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    1. I am very enthusiastic about many of his pronouncements--frame size, tire clearance, component selection, cowboy shirts, all the anti-fad stuff. Some of the other things he states require additional parsing and post-processing to make sense to me, or even additional clarification. Yes there's more to riding than racing, but there's also more to racing than the TDF. 700x23 tires are more or less pointlessly skinny to an average rider, but go and buy a road bike and that's probably what you'll get, with little to no clearance with the frame to go larger. Ug. On the other hand, I agree with you about gloves, and the occasional use of cycling-specific clothing, too. I don't get all lyrcra'd up for my medium distance, medium speed commute into work, and don't see much point in doing so, but I have found much usefulness, protectiveness, and comfort firsthand at certain other times, from a helmet, gloves, and cycling clothing, and just want to remind everyone that an anti-fashion statement that translates into what you wear becomes another fashion statement.

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    2. I agree that many of Grant Peterson's ideas about bike design and sizing are very useful. I purchased an original Rivendell Road Standard in 1996, at the start of the Rivendell bike era, and it's still the bike that I ride the most.

      I was, however, already a devotee of the traditional steel frame bicycle, and that's all I've ever owned/ridden. The only other bike that I currently own (I've been in a bike attrition mode over the past several years) is a very nice Chicago-era Schwinn Paramount P-15 road model. That bike underwent a full re-paint and restoration at CyclArt and is a lovely bicycle.

      At present, I haven't read Grant's book "Just Ride" (although I've read some on-line excerpts). My impression is that it's a distillation of many of the ideas for which Grant has been a proponent from the beginning. His encouragement for an acceptance of bike riding, with minimal gear required, is certainly useful to get people on bikes!

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    3. It occurs to me that a lot of ardent cyclists may like to play dress-up. Similar to the rituals of a superstitious baseball pitcher, or True Fans who dress identically to the object of their obsession, cyclists may be practicing the Invocation of Magick, wherein they take on the shape and form of their idols, at least in their own minds, out of desire to touch the lofty heights of performance and fame achieved by the select few champions of the sport.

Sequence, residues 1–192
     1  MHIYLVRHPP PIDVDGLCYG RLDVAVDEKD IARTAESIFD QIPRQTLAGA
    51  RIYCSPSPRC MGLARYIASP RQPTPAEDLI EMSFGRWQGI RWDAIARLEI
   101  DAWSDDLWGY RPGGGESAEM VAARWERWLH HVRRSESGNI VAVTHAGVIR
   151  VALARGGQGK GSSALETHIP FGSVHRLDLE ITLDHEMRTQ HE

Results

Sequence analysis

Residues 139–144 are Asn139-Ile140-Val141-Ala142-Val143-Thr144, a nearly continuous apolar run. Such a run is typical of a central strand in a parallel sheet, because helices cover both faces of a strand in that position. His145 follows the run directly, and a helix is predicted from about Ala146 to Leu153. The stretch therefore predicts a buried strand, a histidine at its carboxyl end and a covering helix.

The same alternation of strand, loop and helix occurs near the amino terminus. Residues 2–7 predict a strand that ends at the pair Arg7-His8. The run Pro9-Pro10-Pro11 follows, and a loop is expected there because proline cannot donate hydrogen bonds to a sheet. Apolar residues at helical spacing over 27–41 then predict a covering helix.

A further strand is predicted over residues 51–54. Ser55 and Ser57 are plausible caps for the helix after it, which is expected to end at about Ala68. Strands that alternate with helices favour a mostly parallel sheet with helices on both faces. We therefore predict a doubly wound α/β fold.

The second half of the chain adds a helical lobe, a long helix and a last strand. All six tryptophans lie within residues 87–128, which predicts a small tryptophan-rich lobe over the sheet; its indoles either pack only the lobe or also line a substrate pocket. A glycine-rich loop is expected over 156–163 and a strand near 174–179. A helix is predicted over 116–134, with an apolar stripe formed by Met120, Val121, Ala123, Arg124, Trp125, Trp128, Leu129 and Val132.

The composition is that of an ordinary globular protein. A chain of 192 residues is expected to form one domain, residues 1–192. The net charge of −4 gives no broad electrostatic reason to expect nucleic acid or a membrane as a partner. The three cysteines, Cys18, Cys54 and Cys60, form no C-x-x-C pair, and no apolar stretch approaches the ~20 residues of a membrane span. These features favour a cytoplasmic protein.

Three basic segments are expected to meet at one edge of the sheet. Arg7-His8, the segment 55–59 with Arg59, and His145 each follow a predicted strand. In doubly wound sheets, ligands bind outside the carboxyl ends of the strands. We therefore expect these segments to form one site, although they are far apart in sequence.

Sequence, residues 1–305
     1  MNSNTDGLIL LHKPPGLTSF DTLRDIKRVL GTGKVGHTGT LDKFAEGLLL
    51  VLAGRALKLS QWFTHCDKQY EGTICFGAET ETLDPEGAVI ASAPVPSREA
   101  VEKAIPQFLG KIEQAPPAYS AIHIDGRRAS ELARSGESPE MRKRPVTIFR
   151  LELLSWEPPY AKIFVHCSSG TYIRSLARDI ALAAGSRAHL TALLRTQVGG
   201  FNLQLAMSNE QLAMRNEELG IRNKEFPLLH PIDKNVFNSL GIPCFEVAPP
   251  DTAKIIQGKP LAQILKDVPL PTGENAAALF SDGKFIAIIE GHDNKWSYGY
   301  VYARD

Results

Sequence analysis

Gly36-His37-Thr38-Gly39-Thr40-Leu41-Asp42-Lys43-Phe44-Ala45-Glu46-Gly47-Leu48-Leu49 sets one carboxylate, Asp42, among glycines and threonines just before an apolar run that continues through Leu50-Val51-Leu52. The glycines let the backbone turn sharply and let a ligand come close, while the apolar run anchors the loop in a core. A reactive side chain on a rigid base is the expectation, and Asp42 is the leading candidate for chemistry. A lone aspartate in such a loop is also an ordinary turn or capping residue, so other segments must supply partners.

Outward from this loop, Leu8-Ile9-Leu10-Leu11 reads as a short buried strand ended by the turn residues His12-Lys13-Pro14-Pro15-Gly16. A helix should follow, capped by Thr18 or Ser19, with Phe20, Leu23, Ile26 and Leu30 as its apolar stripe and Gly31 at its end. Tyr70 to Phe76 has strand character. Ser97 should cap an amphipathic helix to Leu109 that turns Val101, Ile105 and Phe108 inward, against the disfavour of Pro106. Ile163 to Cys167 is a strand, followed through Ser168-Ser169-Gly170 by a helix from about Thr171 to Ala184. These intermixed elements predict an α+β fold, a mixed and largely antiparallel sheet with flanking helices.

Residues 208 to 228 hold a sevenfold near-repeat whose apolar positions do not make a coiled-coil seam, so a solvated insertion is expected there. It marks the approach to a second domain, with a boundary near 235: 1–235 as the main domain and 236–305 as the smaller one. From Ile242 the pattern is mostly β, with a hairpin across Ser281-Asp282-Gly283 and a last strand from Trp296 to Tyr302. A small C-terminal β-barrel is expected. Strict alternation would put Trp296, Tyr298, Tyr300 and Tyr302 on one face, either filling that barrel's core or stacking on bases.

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  14. I like gloves. I only wear them for commuting when I need them for warmth, but if I'm doing longer rides I wear them all the time, for padding and for grip. I sweat a lot and my bars get slick, gloves help me get a better grip.

    Grant has a lot of interesting opinions, some more useful than others. I haven't read his book, but I'm not really sure I need to; after reading things from the Riv site and catalog for years, I think I pretty much have my fill.

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    1. Perhaps Grant would approve of silk-lined, hand-sewn goatskin gloves as worn by the early pioneers of randonneuring.

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  15. Well, there certainly are some very exclusive cycling gloves available. The "Grand Tour" gloves made by Rapha ($160.00) and the "La Grande" gloves made by Dromarti ($138.18) are examples.

    Personally, the idea of spending that much money on a product that wears out in a fairly short period, isn't my thing. I like some of the gloves that are available made with the Pittards brand leather. Here's one example:
    http://www.giro.com/us_en/lx-5493.html
    (These gloves aren't cheap, but they're quite nice.)

    My primary gripe with cycling gloves is that the dye used in the gloves is often fugitive and will smudge up a lighter color handlebar tape. I've tried to use a natural color or tan glove to avoid this problem.

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    1. One year when I told my mother-in-law that my dream air pump was an SKS Airbase Pro, she got one for me for Christmas. Should I put the Grand Tours on my "dream glove" list this year? Actually, those Giro LX gloves look like something to check out, thanks.